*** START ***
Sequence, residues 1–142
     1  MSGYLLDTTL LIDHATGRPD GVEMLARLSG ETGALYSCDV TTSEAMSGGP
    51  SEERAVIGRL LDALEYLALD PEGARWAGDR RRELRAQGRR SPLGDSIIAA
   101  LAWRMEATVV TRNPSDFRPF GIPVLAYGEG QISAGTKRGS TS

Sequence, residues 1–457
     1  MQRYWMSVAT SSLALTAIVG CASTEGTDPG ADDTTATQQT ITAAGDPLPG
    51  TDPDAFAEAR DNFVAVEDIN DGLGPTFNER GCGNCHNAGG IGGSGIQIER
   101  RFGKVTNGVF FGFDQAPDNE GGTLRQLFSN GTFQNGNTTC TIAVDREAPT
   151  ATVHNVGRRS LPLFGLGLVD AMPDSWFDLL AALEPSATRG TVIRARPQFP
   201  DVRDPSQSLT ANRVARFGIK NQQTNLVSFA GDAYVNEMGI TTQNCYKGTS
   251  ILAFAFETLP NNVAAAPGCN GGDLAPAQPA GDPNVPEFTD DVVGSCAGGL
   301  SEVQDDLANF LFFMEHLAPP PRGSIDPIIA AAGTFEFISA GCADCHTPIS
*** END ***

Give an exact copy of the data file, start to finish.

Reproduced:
Sequence, residues 1–142
     1  MSGYLLDTTL LIDHATGRPD GVEMLARLSG ETGALYSCDV TTSEAMSGGP
    51  SEERAVIGRL LDALEYLALD PEGARWAGDR RRELRAQGRR SPLGDSIIAA
   101  LAWRMEATVV TRNPSDFRPF GIPVLAYGEG QISAGTKRGS TS

Sequence, residues 1–457
     1  MQRYWMSVAT SSLALTAIVG CASTEGTDPG ADDTTATQQT ITAAGDPLPG
    51  TDPDAFAEAR DNFVAVEDIN DGLGPTFNER GCGNCHNAGG IGGSGIQIER
   101  RFGKVTNGVF FGFDQAPDNE GGTLRQLFSN GTFQNGNTTC TIAVDREAPT
   151  ATVHNVGRRS LPLFGLGLVD AMPDSWFDLL AALEPSATRG TVIRARPQFP
   201  DVRDPSQSLT ANRVARFGIK NQQTNLVSFA GDAYVNEMGI TTQNCYKGTS
   251  ILAFAFETLP NNVAAAPGCN GGDLAPAQPA GDPNVPEFTD DVVGSCAGGL
   301  SEVQDDLANF LFFMEHLAPP PRGSIDPIIA AAGTFEFISA GCADCHTPIS